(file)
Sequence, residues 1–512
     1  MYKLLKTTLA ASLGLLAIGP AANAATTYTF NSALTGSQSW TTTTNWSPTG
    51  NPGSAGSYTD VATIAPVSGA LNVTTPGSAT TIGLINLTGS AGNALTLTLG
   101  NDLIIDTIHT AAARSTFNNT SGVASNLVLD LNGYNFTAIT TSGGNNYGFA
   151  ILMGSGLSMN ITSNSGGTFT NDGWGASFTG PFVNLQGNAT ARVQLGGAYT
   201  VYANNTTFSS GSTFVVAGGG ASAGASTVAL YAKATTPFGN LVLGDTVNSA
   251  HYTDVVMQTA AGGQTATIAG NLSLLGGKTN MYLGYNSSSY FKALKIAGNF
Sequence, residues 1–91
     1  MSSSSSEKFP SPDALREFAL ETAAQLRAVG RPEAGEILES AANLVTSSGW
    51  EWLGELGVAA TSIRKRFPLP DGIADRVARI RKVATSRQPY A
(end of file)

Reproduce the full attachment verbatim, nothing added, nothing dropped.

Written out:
Sequence, residues 1–512
     1  MYKLLKTTLA ASLGLLAIGP AANAATTYTF NSALTGSQSW TTTTNWSPTG
    51  NPGSAGSYTD VATIAPVSGA LNVTTPGSAT TIGLINLTGS AGNALTLTLG
   101  NDLIIDTIHT AAARSTFNNT SGVASNLVLD LNGYNFTAIT TSGGNNYGFA
   151  ILMGSGLSMN ITSNSGGTFT NDGWGASFTG PFVNLQGNAT ARVQLGGAYT
   201  VYANNTTFSS GSTFVVAGGG ASAGASTVAL YAKATTPFGN LVLGDTVNSA
   251  HYTDVVMQTA AGGQTATIAG NLSLLGGKTN MYLGYNSSSY FKALKIAGNF
Sequence, residues 1–91
     1  MSSSSSEKFP SPDALREFAL ETAAQLRAVG RPEAGEILES AANLVTSSGW
    51  EWLGELGVAA TSIRKRFPLP DGIADRVARI RKVATSRQPY A